A group of security researchers has found a way to bypass digital locks and other security systems that rely on the proximity of a fob. Bluetooth or a smartphone for authentication.
Using what is known as a “link layer relay attack,” security consulting firm NCC Group was able to unlock, start and drive vehicles and unlock and open certain residential smart locks without the Bluetooth-based key anywhere nearby. .
Sultan Qasim Khan, NCC Group’s chief security consultant and researcher, demonstrated the attack on a Tesla Model 3, although he notes that the problem is not specific to Tesla. Any vehicle that uses Bluetooth Low Energy (BLE) for its keyless entry system would be vulnerable to this attack.
Many smart locks are also vulnerable, adds Khan. His firm specifically called the Kwikset/Weiser Kevo models, as these use a touch-to-open feature that relies on passive detection of a nearby Bluetooth fob or smartphone. Since the owner of the lock does not need to interact with the Bluetooth device to confirm that they want to unlock the door, a hacker can transmit the key’s Bluetooth credentials from a remote location and open someone’s door, even if the owner is within walking distance. thousands of kilometers away.
This exploit still requires the attacker to have access to the owner’s actual Bluetooth device or keychain. However, what makes it potentially dangerous is that the actual Bluetooth key does not need to be near the vehicle, lock, or other secure devices.
Instead, Bluetooth signals are transmitted between the lock and key through a pair of intermediate Bluetooth devices connected using another method, usually through a normal Internet link. The result is that the lock treats the hacker’s nearby Bluetooth device as if it were the valid key.
As Khan explains, “we can convince a Bluetooth device that we are close to it, even from hundreds of miles away. […] even when the provider has taken defensive mitigations like encryption and latency capping to theoretically protect these communications from remote attackers.”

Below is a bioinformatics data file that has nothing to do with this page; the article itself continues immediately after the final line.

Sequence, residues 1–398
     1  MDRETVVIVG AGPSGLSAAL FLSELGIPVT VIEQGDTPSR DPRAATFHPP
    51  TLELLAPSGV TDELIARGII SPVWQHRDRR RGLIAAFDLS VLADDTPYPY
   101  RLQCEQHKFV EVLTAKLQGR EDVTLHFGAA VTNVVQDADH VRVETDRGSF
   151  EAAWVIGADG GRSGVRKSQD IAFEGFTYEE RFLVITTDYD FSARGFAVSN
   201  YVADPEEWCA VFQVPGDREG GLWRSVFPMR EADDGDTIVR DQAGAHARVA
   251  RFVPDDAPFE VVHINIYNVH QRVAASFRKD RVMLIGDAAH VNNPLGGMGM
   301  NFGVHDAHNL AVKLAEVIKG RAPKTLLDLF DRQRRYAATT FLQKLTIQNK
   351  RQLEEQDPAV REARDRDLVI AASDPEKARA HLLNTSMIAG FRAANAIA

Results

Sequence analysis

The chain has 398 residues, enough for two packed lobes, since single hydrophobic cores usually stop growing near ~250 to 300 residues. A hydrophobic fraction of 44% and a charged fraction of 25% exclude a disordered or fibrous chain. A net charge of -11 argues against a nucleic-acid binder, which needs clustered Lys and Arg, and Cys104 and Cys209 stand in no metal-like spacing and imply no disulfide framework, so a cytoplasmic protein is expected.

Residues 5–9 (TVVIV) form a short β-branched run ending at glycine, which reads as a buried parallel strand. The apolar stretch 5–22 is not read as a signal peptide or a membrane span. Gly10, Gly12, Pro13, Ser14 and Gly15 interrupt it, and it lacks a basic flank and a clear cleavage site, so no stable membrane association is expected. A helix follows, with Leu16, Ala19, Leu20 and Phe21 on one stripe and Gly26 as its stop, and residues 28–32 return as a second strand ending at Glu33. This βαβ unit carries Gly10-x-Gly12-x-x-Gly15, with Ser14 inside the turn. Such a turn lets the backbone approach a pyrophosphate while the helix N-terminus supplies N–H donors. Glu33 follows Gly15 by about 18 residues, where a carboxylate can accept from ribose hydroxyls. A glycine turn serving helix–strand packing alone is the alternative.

The exploit bypasses the usual protections against relay attacks, as it works at a very low level of the Bluetooth stack, so it doesn’t matter if the data is encrypted and adds almost no latency to the connection. The target lock has no way of knowing that it is not communicating with the legitimate Bluetooth device.
Since many Bluetooth security keys work passively, a thief would only need to place one device within a few feet of the owner and the other near the target lock. For example, a pair of thieves could work together to follow the Tesla owner away from his vehicle, transmitting Bluetooth signals to the car so it can be stolen once the owner is far enough away.
These attacks could be carried out even over great distances with sufficient coordination. A person on vacation in London could have their Bluetooth keys beamed to their door locks at her home in Los Angeles, allowing a thief quick access simply by touching the lock.
This also goes beyond cars and smart locks. The researchers note that it could be used to unlock laptops that rely on Bluetooth proximity detection, prevent mobile phones from being locked, bypass building access control systems, and even spoof the location of a medical asset or patient.
NCC Group also adds that this is not a traditional bug that can be fixed with a simple software patch. It’s not even a flaw in the Bluetooth specification. Instead, it’s a matter of using the wrong tool for the job. Bluetooth was never designed for proximity authentication, at least not “for use in critical systems like lockout mechanisms,” the firm notes.
First of all, it is essential to note that this vulnerability is specific to systems that rely solely on passive detection of a Bluetooth device.
For example, this exploit cannot realistically be used to bypass security systems that require you to unlock your smartphone, open a specific app, or perform some other action, such as pressing a button on a keychain. In this case, there’s no Bluetooth signal to relay until you do that, and it generally won’t try to unlock your car, door, or laptop when you’re not near it.
This is also usually not a problem for apps that take steps to confirm your location. For example, the auto-unlock feature on August’s popular smart lock relies on Bluetooth proximity detection, but the app also checks your GPS location to make sure you’re really coming home. It cannot be used to open your door when you are already at home, nor can it open your door when you are miles away from home.
If your security system allows it, you must enable an additional authentication step that requires you to take some action before Bluetooth credentials are sent to your lock. For example, Kwikset has said that customers using an iPhone can enable two-factor authentication in its lockdown app, and it plans to add this to its Android app soon. Kwikset’s Kevo app also disables the proximity unlock functionality when the user’s phone has been idle for an extended period.
Please note that unlocking solutions that use a combination of Bluetooth and other protocols are not vulnerable to this attack. A typical example of this is Apple’s feature that allows people to unlock their Mac with their Apple Watch. Although this uses Bluetooth to detect the nearby Apple Watch initially, it measures actual proximity over Wi-Fi, mitigating that Apple executives specifically said it was added to prevent Bluetooth relay attacks.